Chef Chat: Craig Polignano, Jockey Hollow Bar and Kitchen

It's a good time to check in and see how he's doing.

It was nothing short of a coup when Jockey Hollow Bar and Kitchen’s managing partner Christopher Cannon scored Craig Polignano’s services this fall as executive chef of the landmark restaurant in downtown Morristown.

It’s been a couple of months since the veteran of major-league restaurants in New Jersey, California and Pennsylvania took charge of the stoves that feed the dining spaces at the old Vail Mansion—a good time to check in with the chef and see how he’s doing.

Craig Polignano

Table Hopping: What is surprising you about Jockey Hollow? What did you not anticipate about working here?

Craig Polignano: The magnitude, more than anything. How vast it is. That allows me to have diverse food and have a few different styles (of food) under the same roof. I don’t have to mold myself into any one type of cuisine here. I enjoy that—it’s a challenge.

TH: What’s a dish you are doing now that reflects that challenge?

CP: My pork rib dish. It’s in the Oyster Bar. It’s bone-in baby back ribs that first are cured overnight then cooked in duck fat, low and slowly. Then they cool overnight in the duck fat… They’re deep-fried and glazed with apple cider. We plate them with butternut squash polenta and charred broccoli. A lot of love goes into it.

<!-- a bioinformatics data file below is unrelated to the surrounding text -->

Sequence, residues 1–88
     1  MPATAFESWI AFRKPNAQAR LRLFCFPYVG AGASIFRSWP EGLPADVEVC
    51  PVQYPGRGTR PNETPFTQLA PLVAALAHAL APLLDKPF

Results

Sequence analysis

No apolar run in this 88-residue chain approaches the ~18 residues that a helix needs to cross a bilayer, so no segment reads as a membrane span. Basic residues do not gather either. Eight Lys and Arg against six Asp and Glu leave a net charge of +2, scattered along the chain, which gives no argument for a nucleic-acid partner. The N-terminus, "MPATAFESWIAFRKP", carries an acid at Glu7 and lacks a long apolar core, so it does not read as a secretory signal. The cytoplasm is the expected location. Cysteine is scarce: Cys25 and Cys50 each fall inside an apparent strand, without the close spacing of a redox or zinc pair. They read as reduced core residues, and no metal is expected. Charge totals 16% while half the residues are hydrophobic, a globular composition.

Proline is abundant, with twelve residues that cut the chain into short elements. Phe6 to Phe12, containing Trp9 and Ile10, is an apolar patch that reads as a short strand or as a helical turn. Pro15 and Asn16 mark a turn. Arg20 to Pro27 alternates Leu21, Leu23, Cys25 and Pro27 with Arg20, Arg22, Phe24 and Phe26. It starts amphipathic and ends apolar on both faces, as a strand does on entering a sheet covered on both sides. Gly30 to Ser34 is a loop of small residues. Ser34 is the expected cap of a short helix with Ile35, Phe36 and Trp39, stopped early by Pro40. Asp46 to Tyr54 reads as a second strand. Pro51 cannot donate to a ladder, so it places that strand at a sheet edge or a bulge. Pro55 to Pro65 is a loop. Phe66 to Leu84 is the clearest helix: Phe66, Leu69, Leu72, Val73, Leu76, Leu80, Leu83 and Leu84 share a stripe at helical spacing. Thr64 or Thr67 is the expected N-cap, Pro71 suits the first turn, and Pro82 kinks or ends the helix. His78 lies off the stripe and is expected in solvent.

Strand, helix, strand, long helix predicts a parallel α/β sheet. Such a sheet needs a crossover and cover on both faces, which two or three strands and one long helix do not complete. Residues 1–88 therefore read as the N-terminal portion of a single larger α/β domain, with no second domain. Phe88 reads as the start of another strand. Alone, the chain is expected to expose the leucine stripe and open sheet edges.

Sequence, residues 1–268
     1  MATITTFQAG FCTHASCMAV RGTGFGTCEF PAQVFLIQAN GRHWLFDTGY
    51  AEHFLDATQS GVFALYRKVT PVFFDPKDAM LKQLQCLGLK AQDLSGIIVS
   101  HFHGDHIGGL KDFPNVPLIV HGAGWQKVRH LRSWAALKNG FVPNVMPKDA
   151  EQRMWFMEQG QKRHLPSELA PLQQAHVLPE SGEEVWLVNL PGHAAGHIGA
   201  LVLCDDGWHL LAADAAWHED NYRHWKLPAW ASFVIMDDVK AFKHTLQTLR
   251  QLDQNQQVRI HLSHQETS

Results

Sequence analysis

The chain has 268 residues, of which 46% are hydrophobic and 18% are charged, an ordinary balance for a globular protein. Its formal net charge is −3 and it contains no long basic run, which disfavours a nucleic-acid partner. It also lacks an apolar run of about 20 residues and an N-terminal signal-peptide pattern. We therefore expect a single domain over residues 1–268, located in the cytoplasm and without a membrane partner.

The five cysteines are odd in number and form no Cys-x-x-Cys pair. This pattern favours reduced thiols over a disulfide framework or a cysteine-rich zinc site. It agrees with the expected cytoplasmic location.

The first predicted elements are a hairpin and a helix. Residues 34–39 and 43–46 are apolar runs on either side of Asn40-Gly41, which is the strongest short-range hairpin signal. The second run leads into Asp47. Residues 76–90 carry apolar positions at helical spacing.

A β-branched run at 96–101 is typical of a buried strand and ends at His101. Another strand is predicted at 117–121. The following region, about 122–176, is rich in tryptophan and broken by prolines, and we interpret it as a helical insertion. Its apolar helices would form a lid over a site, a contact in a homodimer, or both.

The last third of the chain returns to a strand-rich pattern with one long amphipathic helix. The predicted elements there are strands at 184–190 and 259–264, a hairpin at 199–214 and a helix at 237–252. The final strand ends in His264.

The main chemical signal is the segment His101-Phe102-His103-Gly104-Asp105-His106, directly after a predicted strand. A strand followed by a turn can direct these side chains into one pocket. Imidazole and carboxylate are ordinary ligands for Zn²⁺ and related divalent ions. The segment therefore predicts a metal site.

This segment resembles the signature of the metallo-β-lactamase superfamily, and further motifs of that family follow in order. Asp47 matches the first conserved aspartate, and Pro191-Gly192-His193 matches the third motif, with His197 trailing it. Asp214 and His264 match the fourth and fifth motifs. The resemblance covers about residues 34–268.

TH: How are people responding to your new menu?

CP: You know? Chefs are Instagramming the pork rib dish. Jerry Rotunno, of The Committed Pig (Manasquan, Morristown, Summit), wrote, ‘It’s the best dish I ever had.’

TH: So how are you navigating this huge physical space?

CP: On Fridays and Saturdays, I do an average of 52 flights of stairs! I go from the kitchen (upstairs) to the basement (location of The Rathskeller) to the middle level, where the Oyster Bar is. Again and again.

TH: That’s a lot of walking.

CP: I’m different from a lot of people in that it’s passion that drives me. It’s who I am as a human being. Creating food, a well-run kitchen—I’m very structured. I put that out to everybody. It makes me different in this industry. There’s a certain percentage of people who buy into what I do. I have an old-school mentality—systematic and organized—and it pushes the weak out and makes those who buy into my [ethic] that much stronger.

TH: It’s Christmas weekend: What are you doing?

CP: For the holiday? Taking a nap! (Laughs.) I just moved into a new apartment in Somerville, near Shumi (the acclaimed Japanese restaurant). I love Shumi. [Chef-owner] Ike is my favorite chef and one of my favorite human beings. When I was at Ryland [Inn; Whitehouse Station], we used to cook lunch, then go out to Shumi to eat our lunch there, then go back to Ryland to cook dinner.

TH: Why did you pick Somerville?

CP: It’s an up-and-coming town. Verve is my favorite place for a drink; Shumi is my favorite place to eat. Three of my best friends live there. It’s now my home.

Jockey Hollow Bar and Kitchen, 110 South Street in Morristown. 973-644-3180;

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